Description of ActivityThis paper will explore the cultural politics of voice in ‘bio-musicals’. In such productions, actors are expected to imitate the voices of well-known artists, being required to ‘sound like’ them.
Employing a tripartite critical framework, I seek to articulate the limitations and potentials of such vocal mimicry. I do this through three case studies taken from Buddy: The Buddy Holly Story (1989), Jolson—The Musical (1995) and Beautiful: The Carole King Musical (2013). First, I draw on Roland Barthes’ discussion of the ‘grain of the voice’, to understand the difficulties inherent in any claim to fully ‘sound like’ someone else. Second, I employ Hillel Schwartz’s conception of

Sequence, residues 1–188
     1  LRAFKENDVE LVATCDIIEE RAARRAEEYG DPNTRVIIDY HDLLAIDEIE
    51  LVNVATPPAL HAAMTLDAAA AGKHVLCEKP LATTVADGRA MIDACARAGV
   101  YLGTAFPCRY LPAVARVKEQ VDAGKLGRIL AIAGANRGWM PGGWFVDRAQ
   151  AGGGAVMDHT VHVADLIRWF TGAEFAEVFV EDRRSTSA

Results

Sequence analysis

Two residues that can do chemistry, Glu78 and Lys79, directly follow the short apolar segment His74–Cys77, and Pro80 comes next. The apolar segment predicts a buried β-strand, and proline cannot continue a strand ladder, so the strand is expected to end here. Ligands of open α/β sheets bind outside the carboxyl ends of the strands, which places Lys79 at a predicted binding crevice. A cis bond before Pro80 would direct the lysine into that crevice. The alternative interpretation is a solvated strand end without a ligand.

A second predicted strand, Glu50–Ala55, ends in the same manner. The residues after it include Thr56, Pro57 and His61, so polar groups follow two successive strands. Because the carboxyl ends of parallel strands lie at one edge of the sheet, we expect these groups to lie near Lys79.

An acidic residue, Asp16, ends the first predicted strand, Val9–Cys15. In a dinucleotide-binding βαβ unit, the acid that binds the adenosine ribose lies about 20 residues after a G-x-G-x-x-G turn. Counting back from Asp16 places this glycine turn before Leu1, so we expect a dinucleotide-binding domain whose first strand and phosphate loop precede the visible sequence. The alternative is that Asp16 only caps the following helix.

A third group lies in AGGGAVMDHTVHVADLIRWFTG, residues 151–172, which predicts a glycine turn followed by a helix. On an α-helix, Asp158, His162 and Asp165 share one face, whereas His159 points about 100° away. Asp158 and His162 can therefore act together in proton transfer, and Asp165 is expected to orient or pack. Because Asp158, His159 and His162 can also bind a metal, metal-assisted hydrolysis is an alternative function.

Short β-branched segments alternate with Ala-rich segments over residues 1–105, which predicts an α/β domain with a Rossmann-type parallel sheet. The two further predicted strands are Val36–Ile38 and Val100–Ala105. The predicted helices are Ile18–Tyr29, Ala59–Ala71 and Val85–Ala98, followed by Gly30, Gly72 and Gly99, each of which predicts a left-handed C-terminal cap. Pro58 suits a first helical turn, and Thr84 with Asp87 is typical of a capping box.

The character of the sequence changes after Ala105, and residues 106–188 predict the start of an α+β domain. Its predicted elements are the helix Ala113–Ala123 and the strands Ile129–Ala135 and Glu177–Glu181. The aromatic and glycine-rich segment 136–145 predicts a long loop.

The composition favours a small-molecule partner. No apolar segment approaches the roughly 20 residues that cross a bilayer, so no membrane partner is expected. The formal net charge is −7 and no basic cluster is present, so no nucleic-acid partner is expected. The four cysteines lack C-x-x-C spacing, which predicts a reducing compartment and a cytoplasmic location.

‘bewilderment’ to more fully articulate the way an audience’s agency might reside in a space between the original voice of the artist and its theatricalised recreation in a bio-musical. Third, I suggest that strategies from translation studies which focus on adaptation can offer a sense of the
potentials of imitation in this form.
Drawing these strands together, I conclude by offering a neologism that encapsulates the phenomena of simulated voices in popular stage musicals.
|Period||26 Jun 2019 → 29 Jun 2019|
|Event title||Song, Stage and Screen XIV: (Re)-Inventions: Adaptations and New Directions in Musicals on and between Stage and Screen|
|Location||Leeds, United Kingdom|
|Degree of Recognition||International|